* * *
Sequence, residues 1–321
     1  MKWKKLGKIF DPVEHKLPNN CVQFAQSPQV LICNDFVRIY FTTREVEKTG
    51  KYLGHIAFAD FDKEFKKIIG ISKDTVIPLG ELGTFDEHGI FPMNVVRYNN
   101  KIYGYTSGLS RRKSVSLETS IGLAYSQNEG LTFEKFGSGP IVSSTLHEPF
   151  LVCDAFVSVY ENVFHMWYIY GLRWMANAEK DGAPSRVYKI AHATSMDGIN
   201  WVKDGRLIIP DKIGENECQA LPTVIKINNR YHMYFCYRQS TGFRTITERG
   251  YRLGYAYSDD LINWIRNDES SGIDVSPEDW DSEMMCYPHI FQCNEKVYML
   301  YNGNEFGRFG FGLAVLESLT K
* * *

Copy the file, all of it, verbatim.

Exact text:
Sequence, residues 1–321
     1  MKWKKLGKIF DPVEHKLPNN CVQFAQSPQV LICNDFVRIY FTTREVEKTG
    51  KYLGHIAFAD FDKEFKKIIG ISKDTVIPLG ELGTFDEHGI FPMNVVRYNN
   101  KIYGYTSGLS RRKSVSLETS IGLAYSQNEG LTFEKFGSGP IVSSTLHEPF
   151  LVCDAFVSVY ENVFHMWYIY GLRWMANAEK DGAPSRVYKI AHATSMDGIN
   201  WVKDGRLIIP DKIGENECQA LPTVIKINNR YHMYFCYRQS TGFRTITERG
   251  YRLGYAYSDD LINWIRNDES SGIDVSPEDW DSEMMCYPHI FQCNEKVYML
   301  YNGNEFGRFG FGLAVLESLT K